For the second time in 12 months, the Bloomberg administration will remove a link in the bicycle network after receiving complaints from bike lane opponents. The Staten Island Advance reports  that the bike lane on Father Capodanno Boulevard will not be striped again after the street is repaved. The news comes two months after the Advance published an editorial urging the city to remove the lane , and about a year after the city erased a 14-block stretch of the Bedford Avenue bike lane  in response to opposition from local Hasidic leaders.
This time the bike route on Capodanno from Midland Avenue to Drury Avenue will be wiped out. The bike lane on the inland side of Capodanno will be converted to parking and turning lanes, and, in a measure of compensation for sustainable transport, the bike lane closer to the shore will be converted into a bus lane. A portion of the bike lane that crosses Staten Island Expressway ramps will be preserved, according to DOT.
Staten Island Borough President James Molinaro and local City Council member James Oddo both applauded the change. Molinaro, Oddo, and the Advance editorial board have been clamoring for the lane to be removed  for some time.
Now, without any discernible public process, most of the Capodanno lane will vanish, erasing one of the few routes for safer cycling on the island. “Father Capodanno is an integral piece of Staten Island’s meager bike network, connecting bike commuters to and from the Staten Island Railway and the St. George Ferry Terminal, local cyclists to the Snug Harbor Park and Cultural Center and the Staten Island Yankees Stadium,” Transportation Alternatives said in a statement released this morning. “The Bloomberg administration has apparently decided that the opposition of a few drivers and local political bosses can trump public process and the irrefutable evidence that bike lanes save lives and make streets safer for everyone.”
Staten Island cyclists feel blindsided by the change. “None of us saw this coming, from a mile away,” said Meredith Sladek, a member of TA’s Staten Island volunteer committee. “None of us were consulted.” The greenway that runs parallel to Capodanno, she said, mainly serves recreational users and doesn’t meet the needs of people biking for transportation.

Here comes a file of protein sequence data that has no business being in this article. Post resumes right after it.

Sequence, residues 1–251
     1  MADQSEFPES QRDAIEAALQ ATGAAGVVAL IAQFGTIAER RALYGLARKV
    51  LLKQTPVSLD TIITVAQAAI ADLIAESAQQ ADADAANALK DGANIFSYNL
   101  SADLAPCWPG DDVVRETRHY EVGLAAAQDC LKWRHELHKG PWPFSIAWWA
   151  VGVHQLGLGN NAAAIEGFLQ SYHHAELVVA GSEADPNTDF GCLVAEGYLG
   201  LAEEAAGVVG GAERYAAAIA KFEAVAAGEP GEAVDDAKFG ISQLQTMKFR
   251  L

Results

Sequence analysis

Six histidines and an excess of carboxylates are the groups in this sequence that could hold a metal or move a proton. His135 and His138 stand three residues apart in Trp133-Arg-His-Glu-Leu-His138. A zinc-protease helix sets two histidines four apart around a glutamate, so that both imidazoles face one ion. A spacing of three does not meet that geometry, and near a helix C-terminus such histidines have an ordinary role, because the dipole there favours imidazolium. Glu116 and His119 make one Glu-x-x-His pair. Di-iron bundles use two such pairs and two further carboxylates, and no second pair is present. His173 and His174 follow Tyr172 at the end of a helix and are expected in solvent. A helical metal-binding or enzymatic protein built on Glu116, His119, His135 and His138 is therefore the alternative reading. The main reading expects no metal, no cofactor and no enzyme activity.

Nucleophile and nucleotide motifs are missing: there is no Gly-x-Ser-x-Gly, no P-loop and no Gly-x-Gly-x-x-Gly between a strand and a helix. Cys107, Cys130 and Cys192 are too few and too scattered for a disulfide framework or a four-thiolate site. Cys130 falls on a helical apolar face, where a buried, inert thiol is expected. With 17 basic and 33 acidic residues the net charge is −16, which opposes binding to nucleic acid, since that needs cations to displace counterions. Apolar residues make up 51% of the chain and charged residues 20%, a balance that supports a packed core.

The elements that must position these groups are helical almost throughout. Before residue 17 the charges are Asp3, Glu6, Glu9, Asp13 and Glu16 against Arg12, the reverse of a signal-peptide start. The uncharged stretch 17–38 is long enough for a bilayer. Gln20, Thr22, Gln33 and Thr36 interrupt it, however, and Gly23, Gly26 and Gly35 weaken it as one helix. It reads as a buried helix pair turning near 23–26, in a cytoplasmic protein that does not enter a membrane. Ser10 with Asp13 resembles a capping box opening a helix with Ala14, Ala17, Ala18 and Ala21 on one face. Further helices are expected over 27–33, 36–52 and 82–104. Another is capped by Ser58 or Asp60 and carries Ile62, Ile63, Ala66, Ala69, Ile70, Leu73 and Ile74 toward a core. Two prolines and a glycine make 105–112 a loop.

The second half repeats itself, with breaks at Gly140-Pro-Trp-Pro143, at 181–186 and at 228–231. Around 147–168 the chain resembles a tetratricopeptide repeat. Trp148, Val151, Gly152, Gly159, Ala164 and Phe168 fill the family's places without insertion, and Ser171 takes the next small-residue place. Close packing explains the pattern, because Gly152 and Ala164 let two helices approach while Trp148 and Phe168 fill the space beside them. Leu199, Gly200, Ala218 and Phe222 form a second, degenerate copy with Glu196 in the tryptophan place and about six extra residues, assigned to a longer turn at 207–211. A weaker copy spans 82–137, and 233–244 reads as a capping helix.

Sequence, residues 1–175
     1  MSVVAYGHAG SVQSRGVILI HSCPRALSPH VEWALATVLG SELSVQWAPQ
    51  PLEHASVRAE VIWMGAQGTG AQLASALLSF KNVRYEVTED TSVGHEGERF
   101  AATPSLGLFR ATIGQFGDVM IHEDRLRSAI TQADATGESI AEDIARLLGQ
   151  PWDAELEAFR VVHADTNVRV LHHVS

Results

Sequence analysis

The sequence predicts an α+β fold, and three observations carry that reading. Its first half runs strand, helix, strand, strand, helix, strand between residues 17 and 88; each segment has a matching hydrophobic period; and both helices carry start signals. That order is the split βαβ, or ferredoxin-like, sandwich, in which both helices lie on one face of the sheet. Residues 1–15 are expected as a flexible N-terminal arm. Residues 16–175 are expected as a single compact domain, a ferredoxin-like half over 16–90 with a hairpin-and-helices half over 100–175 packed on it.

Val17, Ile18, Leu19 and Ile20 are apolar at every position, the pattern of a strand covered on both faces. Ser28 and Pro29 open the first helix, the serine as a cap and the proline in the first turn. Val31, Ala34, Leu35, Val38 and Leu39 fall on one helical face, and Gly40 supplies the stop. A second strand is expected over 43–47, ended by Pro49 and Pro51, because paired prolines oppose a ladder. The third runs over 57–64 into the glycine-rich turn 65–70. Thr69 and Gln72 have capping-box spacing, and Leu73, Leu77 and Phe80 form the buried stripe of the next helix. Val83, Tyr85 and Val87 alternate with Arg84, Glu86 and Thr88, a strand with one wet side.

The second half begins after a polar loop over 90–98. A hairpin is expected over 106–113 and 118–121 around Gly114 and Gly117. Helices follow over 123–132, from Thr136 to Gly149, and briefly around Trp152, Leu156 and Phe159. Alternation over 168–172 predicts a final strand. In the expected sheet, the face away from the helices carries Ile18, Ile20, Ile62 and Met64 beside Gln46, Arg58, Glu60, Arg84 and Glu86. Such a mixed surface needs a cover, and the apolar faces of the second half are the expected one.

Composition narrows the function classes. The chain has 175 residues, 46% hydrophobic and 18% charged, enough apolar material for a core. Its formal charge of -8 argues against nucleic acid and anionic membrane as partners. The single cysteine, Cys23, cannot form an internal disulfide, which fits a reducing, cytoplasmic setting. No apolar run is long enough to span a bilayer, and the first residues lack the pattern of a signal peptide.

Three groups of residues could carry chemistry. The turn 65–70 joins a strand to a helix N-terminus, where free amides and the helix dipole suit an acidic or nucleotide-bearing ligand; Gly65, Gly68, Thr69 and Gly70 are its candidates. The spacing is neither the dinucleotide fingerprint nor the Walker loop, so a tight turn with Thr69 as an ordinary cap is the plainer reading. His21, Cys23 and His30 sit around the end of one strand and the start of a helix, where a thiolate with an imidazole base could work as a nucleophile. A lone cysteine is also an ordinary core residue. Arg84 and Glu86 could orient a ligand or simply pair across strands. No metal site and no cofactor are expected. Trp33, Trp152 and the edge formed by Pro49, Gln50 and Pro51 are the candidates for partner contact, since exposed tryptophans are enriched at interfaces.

After dark, the greenway is interrupted due to the nighttime closure of Fort Wadsworth, near the Verrazano Bridge, which forces cyclists to take a route that crosses Staten Island Expressway ramps. The bike lane will be preserved on that portion of Capodanno, north of the intersection with Drury Avenue.
Streetsblog has phone calls in with Molinaro and Oddo, the mayor’s office, and Staten Island Community Board 2 to find out about how the decision was reached.
DOT Commissioner Janette Sadik-Khan told the Advance that the “redesign is tailored to meet Staten Island’s unique transportation issues. We heard from the community and worked closely with local leaders to engineer a solution that works whether you’re on transit, a bike or behind the wheel.”
While Molinaro and Oddo may have burnished their reputations with local bike lane opponents, Mayor Bloomberg is undercutting his own legacy on street safety and green transportation by allowing these erasures to happen on his watch without so much as a public hearing. Even as the city makes huge strides in expanding its bike network and introducing innovative designs that are making bicycling safer and more accessible, it is sending the signal that bikeways are vulnerable to political pressure.
Here is TA’s full statement about the bike lane removal:
Transportation Alternatives is deeply concerned about the City’s abrupt removal of the bike lane on Father Capodanno Boulevard in Staten Island. Father Capodanno is an integral piece of Staten Island’s meager bike network, connecting bike commuters to and from the Staten Island Railway and the St. George Ferry Terminal, local cyclists to the Snug Harbor Park and Cultural Center and the Staten Island Yankees Stadium. In a borough that is frequently denied the bike and pedestrian street safety improvements the Bloomberg administration has installed to make NYC’s other boroughs safer, the removal of Father Capodanno is effectively a foreclosure on the right to safe cycling for Staten Islanders.
The Father Capodanno Boulevard bike lane removal occurs one year after the Bloomberg Administration removed the Bedford Avenue bike lane in Brooklyn, another key Manhattan connection for cyclists. The Bloomberg administration has apparently decided that the opposition of a few drivers and local political bosses can trump public process and the irrefutable evidence that bike lanes save lives and make streets safer for everyone. Bike lanes across NYC have proven to decrease crashes for cyclists, pedestrians and drivers up to 60%. Mayor Bloomberg’s public health efforts like the ban of smoking and trans fats are never the subject of backroom negotiation — safe street design should not be either: all are life saving measures. We are working with the Department of Transportation to gain a better understanding of the Bloomberg Administrations’ ostensibly new political criteria for the removal of street designs that are proven to save lives.
Noah Kazis contributed to this post.